Legio IX Hispana served with Julius Caesar in Gaul and against Pompey in the Civil Wars. Later, it fought alongside Augustus in his Cantabrian Wars and was one of the four legions Claudius took with him in his invasion of Britain in 43 CE. It survived mutiny and near decimation twice, only to recover. Although suffering heavy losses during the revolt of Boudicca, the legion rebounded and accompanied Agricola in his war against the Caledonians. The legion disappeared sometime after 120 CE.
Caesar's Ninth Legion
In the time of Caesar (100-44 BCE) and Pompey (106-48 BCE), legions of the Roman army were known by a number, not a name. A Ninth Legion served under Caesar during his time as governor of Further Spain (Hispania Ulterior) and later in both his Gallic Wars and against Pompey in the Civil Wars. It was during the legion’s time under Caesar that it initiated a mutiny, and it almost cost the Ninth its existence. At Placentia in northern Italy, the army protested their meager pay and lack of spoils of war that often supplemented a Roman legionary's meager pay.
According to Philip Freeman’s Julius Caesar, he chose to address the legions as a whole. Considered by many to be a wise but firm leader, he spoke to them as spoiled children, telling them they were proud soldiers, not a horde of ravaging barbarians. Freeman considered the incident an example of Caesar’s style of leadership. He threatened to decimate the entire Ninth as both a punishment and a warning. In a decimation, every tenth man is executed. After his speech, the legionaries made a plea to save the guilty legion, a legion that had served him proudly in the past. He agreed only if given the names of the ringleaders of the mutiny. Twelve of them were chosen by lot and then executed.
The incident forgotten, Caesar and his legions continued on against Pompey. Although some sources claim the legion was disbanded, a Ninth was raised by Octavian (the future Roman emperor Augustus, r. 27 BCE - 14 CE) from Caesar’s veterans and used in his war against Mark Antony. Later, under Augustus, the Ninth (with the title of Macedonica) participated in his Cantabrian Wars (27-19 BCE), earning the new title of Hispaniensis (stationed in Spain) which was later shortened to Hispana. After its time in Spain, it was sent to the Balkans with Aquileia as its base.
Mutiny under Tiberius
In 14 CE, the IX Hispana was stationed in Pannonia when Augustus died. Like its fellow legions of the Rhine frontier, the Legio IX was thrown into disarray and eventually into the middle of another mutiny. The Roman historian Tacitus wrote in his Annals of the incident:
After hearing of the emperor’s death and the ascension of Tiberius (r. 14-37 CE), Junius Blaesus, the commander of the province’s three legions (VIII Augusta, IX Hispana, and XV Apollinaris) allowed his men to rest from the usual military duties for either mourning or rejoicing, but instead of promoting quiet, it led to demoralization and quarreling. One of the more outspoken of the troops, Percennius, chose to incite his fellow legionaries. While speaking of the poor pay and the hardships of soldiering, he spoke out against the new emperor: "When … will you dare to demand relief, if you do not go with your prayers or arms to a new and yet tottering throne?" (Annals, I. 27) As the legionaries cheered, addressed them and tried to calm their indignation; mutiny was not the answer. In the end, an envoy was sent to Rome to present their concerns. Unfortunately, the calm was short-lived as the mutiny broke out again, and this time it became violent.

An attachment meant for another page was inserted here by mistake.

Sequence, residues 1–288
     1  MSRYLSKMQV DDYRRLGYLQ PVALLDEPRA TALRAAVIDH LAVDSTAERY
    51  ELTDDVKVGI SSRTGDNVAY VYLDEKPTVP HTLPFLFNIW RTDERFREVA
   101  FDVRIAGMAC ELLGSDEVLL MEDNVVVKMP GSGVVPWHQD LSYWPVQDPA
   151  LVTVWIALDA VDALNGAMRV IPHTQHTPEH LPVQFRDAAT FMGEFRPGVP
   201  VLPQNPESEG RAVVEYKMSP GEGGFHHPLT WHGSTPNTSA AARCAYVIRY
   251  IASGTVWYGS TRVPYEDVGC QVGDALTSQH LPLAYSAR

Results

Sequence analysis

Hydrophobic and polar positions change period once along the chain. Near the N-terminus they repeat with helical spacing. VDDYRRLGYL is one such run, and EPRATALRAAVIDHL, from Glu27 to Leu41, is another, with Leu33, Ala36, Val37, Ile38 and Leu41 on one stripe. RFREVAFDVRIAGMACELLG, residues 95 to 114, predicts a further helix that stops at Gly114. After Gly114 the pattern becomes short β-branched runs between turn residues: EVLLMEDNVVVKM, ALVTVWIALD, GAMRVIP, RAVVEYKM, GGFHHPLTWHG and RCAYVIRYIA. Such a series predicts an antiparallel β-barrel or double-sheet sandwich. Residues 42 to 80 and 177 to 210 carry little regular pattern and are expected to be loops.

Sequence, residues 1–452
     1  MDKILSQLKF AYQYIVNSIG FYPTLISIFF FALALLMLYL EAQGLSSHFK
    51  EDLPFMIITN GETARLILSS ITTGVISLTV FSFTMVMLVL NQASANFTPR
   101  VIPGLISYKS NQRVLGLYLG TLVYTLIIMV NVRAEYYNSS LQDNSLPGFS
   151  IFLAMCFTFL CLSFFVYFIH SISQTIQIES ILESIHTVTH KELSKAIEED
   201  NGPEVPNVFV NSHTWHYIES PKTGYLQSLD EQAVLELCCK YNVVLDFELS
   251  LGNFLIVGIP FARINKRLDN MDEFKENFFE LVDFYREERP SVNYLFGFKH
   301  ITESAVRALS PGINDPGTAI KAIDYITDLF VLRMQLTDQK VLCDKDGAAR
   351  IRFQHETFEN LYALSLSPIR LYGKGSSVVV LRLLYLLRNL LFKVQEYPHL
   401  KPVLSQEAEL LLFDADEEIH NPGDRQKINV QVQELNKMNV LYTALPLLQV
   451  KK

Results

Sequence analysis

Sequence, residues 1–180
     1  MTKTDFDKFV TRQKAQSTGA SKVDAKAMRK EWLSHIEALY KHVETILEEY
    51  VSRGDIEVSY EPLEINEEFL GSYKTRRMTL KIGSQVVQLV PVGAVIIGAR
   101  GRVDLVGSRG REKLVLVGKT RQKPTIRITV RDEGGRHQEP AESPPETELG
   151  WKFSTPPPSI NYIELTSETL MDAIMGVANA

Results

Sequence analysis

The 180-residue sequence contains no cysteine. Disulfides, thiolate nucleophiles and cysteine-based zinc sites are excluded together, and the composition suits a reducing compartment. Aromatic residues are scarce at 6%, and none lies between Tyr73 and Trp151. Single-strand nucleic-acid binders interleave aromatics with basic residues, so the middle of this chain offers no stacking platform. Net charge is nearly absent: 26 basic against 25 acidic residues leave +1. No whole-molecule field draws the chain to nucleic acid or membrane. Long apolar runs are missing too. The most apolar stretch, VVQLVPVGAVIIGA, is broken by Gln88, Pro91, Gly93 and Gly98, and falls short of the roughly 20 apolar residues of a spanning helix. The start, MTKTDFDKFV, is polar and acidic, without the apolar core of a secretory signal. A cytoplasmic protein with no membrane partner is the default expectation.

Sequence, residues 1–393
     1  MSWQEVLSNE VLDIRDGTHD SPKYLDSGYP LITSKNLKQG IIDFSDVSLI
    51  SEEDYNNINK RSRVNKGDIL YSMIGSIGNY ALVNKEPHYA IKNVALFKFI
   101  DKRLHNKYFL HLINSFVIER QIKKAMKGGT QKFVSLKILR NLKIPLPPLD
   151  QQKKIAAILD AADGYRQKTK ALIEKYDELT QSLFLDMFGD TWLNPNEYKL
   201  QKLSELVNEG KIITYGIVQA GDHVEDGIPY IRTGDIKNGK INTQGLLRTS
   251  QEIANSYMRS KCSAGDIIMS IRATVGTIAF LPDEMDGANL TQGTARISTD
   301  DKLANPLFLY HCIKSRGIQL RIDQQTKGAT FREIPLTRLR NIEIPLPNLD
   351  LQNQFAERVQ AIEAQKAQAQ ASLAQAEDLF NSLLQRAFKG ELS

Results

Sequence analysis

Arguing continued, with two legions, the VIII and XV, actually drawing swords against each other, "but the soldiers of the ninth interposed their entreaties and when these were disregarded, their menaces." (Annals, I. 23) Hearing of the mutiny, Tiberius sent his son Drusus to Pannonia. Upon his arrival, the legionaries, seeing omens in the sky, began to rethink the mutiny. Seizing the opportunity, Drusus ordered the centurions to walk through the camp and speak to the legionaries. The mutiny was finally suppressed when Drusus addressed the men. He said he was not going to be conquered by either terror or threats and ordered the chief mutineers (Percennius was one) executed. A search was made throughout the camp for chief mutineers who were immediately killed by the centurions. Fearing the worse, the mutinous legions chose to break camp and return to their winter quarters.
First the eighth, then the fifteenth legions returned; the ninth cried again and again that they ought to wait for the letter from Tiberius, but soon finding themselves isolated by the departure of the rest, they forestalled their inevitable fate. (Annals, I. 30)
Legio IX Hispana in Africa
In 20 CE, the legion under Gaius Fulvius was sent from Pannonia to North Africa to help III Augusta in its campaign against Tacfarinas and his army. In the pursuit of the Numidian commander, a centurion named Decrius led a cohort (480 men) of the Ninth in a failed charge against Tacfarinas, but the inexperienced legionaries fled back to the camp and barricaded themselves inside, leaving Decrius to certain death. The governor Lucius Apronius was incensed, speaking of the dishonor and demanding the decimation of the cohort. Tacitus wrote: